As outsourcing become less about cost-cutting, the focus turns to improving companies’ access to talent, and agility of product and service offering.
Outsourcing is estimated to be a global market place worth over $600 billion per annum. It now encompasses almost every facet of services, supply chain and manufacturing.
But priorities are changing and the increasing prevalence for near-shoring or on-shoring is driving new trends across many outsourcing projects.
Changing business drivers
Cost savings are no longer the primary reason for outsourcing. Four fifths (80%) of customers outsource to improve business performance and their overall operating model, according to the Duke University research with International Association of Outsourcing Professionals (IAOP).
The value of outsourcing is now measured less by costs saved and more by how it can help enable strategic growth, through rapid access to talent, increased agility and improved quality of service delivery.
The following drivers are increasingly central to the decision to outsource:
The ability to respond quickly to new customer requirements, new market opportunities and changing market conditions. Accessing a wider pool of external resources and talent enables companies to flex-resource up and down with demand.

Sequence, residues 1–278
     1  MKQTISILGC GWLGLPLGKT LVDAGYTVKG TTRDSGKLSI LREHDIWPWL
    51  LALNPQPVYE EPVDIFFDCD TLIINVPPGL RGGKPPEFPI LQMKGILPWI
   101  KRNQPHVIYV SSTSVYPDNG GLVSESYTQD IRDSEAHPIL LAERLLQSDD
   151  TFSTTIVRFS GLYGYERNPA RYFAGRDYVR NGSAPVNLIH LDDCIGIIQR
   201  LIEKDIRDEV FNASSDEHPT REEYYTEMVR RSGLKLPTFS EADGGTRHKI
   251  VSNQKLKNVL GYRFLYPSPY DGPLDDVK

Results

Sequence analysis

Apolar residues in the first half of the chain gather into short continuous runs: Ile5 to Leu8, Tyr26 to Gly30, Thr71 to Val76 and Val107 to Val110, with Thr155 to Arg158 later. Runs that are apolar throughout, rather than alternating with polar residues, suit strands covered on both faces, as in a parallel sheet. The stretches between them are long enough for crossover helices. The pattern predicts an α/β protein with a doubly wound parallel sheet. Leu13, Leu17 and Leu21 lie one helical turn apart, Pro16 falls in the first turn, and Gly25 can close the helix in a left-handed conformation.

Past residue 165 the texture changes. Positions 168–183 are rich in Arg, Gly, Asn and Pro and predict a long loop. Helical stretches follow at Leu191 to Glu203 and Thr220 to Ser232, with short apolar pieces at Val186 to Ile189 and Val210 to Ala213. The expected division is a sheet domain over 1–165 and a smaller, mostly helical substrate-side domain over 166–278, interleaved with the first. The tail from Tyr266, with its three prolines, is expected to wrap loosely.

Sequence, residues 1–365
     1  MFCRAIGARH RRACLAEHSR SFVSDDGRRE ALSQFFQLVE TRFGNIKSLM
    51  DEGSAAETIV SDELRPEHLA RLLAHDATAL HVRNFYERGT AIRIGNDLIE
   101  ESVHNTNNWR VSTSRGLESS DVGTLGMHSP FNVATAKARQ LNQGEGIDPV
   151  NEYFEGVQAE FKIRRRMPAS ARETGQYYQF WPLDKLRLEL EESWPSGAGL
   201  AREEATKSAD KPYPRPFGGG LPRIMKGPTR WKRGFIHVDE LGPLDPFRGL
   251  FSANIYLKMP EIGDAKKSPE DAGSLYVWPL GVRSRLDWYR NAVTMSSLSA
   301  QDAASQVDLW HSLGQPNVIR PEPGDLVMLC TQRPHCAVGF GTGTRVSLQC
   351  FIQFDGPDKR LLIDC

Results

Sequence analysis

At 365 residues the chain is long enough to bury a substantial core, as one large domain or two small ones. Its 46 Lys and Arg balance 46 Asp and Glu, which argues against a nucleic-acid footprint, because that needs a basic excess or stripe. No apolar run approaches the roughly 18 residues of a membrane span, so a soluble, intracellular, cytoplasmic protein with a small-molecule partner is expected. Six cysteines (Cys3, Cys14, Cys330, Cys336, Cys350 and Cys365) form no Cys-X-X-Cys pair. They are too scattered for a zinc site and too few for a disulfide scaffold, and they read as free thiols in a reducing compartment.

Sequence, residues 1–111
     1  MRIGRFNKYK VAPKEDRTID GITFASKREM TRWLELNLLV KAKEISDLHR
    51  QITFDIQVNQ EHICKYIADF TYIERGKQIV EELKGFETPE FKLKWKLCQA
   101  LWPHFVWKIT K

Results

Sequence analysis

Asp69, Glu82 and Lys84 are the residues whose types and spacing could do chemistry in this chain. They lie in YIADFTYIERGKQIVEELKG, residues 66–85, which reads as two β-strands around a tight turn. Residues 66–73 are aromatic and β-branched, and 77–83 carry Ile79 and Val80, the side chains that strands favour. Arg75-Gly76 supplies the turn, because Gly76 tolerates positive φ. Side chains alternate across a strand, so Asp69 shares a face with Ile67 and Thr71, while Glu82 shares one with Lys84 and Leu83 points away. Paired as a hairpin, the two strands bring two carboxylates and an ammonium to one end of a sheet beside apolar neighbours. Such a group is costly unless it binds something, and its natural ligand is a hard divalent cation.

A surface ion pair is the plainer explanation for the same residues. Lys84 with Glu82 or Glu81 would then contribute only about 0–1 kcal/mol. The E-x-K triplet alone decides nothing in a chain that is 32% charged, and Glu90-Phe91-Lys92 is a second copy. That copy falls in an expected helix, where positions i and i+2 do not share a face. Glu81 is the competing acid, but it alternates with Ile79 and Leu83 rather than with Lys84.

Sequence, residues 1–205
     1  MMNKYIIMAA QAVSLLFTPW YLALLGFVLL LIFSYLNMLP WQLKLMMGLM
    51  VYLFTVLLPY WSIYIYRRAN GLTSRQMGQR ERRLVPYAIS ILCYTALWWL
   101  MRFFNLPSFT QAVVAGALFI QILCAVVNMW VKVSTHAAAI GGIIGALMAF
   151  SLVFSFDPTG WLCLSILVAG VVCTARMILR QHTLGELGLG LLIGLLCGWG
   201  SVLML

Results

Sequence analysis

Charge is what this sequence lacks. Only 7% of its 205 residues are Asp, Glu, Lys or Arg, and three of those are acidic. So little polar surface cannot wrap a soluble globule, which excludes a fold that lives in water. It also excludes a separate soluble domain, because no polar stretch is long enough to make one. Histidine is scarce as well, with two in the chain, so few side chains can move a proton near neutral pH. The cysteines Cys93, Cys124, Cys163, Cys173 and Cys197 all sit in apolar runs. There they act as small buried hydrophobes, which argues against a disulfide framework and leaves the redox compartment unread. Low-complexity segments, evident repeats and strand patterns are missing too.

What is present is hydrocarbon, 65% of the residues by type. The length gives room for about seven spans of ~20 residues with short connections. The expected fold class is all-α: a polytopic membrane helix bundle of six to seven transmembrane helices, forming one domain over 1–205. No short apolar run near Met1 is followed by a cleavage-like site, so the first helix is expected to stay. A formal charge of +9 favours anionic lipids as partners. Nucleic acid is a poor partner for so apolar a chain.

It is often more effective to leverage a service provider’s investment in best practice tools, systems, processes and talent, than to invest in and develop less effective in-house versions.
Outsourcing can fast track a step change in capability.
Closer to home
‘Near-shoring’ accelerates in higher-cost, high-talent labour markets as outsourcing moves into more strategic vs transactional activities.
Take IT as an example. The shift away from the belief that “cheaper is better” is already taking root in the US and other developed economies for which quality is again the crucial differentiator.
The US is seen as the world’s most desirable region to expand IT, shows an IAOP research survey, with more service delivery centres being added over the next two years. As many routine IT tasks become automated, the global labour pool for IT outsourcing will continue to shrink, and the demand for more highly skilled individuals will rise.
This further diminishes the prospect of outsourcing these tasks to significantly lower cost labour markets. IT outsourcing contracts actually dropped a full 20% from 2011 to 2012. And a recent Gartner report forecasts that outsourcing of IT services overseas dropping by at least 15% through to 2016.
As overseas outsourcing drops, near-shoring and in-sourcing (i.e. locating the outsource service provider within the client premises) is becoming more prevalent. Companies are preferring a more customised solution for their strategic projects, with the added benefits that they are better integrated into their organisation’s culture and better aligned with the customer service proposition.
In the financial services sector, organisations are actively marketing on-shoring as a deliberate strategy to positively differentiate their customer service offering.